Open letter signed by 100+ venues calls on Vic Government to ease restrictions

The letter was signed by representatives from venues including The Espy, Corner Hotel, Northcote Social Club, Forum Theatre and The Tote

An open letter signed by more than 100 venue representatives calling for a “clear and balanced roadmap for easing restrictions and increasing venue capacities” has been delivered to the Victorian Government.

The letter was coordinated by Save Our Scene and is signed by representatives from prominent Victorian venues including The Espy, Corner Hotel, Northcote Social Club, Forum Theatre and The Tote. It calls on the Andrews Government to ease venue density restrictions in the hopes of securing more income to remain afloat.

“Following nine months of closure, Victoria’s live music venues recommenced operating in December 2020 with COVID safe capacity restrictions in place, based on a density quotient of 1 person per 2sqm,” the letter reads.


“These restrictions mean our venues are operating at around 30 per cent of their licensed capacity, resulting in a 70 per cent drop in revenue whilst fixed costs including rent, insurance, utilities and staff remain static.”

The full open letter is available to read on the Save Our Scene website.

The letter arrives at the Premier’s doorstep two weeks out from the end of the JobKeeper scheme on March 28. Despite calls from various arts bodies to either extend the scheme or provide tailored support for the sector, the Federal Government has indicated no additional assistance.

In Victoria, indoor seated venues are currently limited to 75 per cent of their regular capacities up to 1,000 people, and unseated venues can open with up to 50 per cent capacity or 1,000 people.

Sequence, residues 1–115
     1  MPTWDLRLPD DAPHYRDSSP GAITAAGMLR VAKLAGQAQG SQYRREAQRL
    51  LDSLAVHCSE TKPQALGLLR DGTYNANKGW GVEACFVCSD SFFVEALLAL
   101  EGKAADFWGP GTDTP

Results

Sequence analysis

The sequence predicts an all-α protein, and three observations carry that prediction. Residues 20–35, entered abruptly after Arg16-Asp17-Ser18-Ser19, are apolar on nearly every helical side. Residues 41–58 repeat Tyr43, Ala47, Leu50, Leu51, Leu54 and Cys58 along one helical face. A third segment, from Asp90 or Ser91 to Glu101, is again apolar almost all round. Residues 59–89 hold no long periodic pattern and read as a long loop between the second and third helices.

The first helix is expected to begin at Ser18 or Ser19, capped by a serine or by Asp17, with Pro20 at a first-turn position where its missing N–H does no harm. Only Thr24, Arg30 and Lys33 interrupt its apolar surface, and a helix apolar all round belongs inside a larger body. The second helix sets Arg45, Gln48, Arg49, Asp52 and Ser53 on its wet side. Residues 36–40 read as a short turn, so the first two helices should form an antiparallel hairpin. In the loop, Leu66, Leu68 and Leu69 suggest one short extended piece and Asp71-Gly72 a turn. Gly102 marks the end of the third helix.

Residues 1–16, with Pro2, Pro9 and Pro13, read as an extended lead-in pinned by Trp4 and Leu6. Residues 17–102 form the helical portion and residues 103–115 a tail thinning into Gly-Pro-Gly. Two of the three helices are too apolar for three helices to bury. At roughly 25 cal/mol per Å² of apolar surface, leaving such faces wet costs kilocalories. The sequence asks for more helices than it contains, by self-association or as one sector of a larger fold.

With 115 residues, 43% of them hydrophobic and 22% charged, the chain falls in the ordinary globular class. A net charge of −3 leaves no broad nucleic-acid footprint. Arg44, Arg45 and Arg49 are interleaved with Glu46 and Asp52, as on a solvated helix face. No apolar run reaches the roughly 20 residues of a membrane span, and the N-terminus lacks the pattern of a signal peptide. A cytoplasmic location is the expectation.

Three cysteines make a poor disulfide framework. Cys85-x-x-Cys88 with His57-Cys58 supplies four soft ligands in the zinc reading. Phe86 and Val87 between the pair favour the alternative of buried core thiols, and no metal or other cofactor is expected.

Outdoor unseated venues are subject to a two-square-metre rule, while seated venues are limited to 75 per cent of their seated capacity per space up to 1,000 patrons.

The Victorian Government had previously introduced a $15million Live Music Venues Program to support venues while restrictions were in place. Two rounds of funding from this pool have since been distributed to businesses. However, signatories claim the funding only went so far.


The letter also makes the comparison to the various sporting events, such as the Australian Open, which have been allowed to proceed over the course of the pandemic.

“Victoria’s live music venues have an audience of 110,000+ every Saturday night – more than an AFL grand final,” the letter reads.

“The industry generates tens of thousands of jobs, from musicians and DJs to bookers, promoters, publicists, venue operators, hospitality and bar staff, technicians, security staff and a vast network of ancillary suppliers and contractors.”

It continues: “We applaud the Victorian Government for last year’s $15million Live Music Venues Program, which helped save many Victorian venues from permanent closure, however the majority of venues are still severely debt laden from nine months of closure and have only been able to reopen at such low capacities with the support of Jobkeeper.

“The reopening of live music venues has seen Victorian artists performing again and our industry’s live music and hospitality workers back in employment. Help us to preserve this vital cultural sector for the long term by increasing venue capacities now.”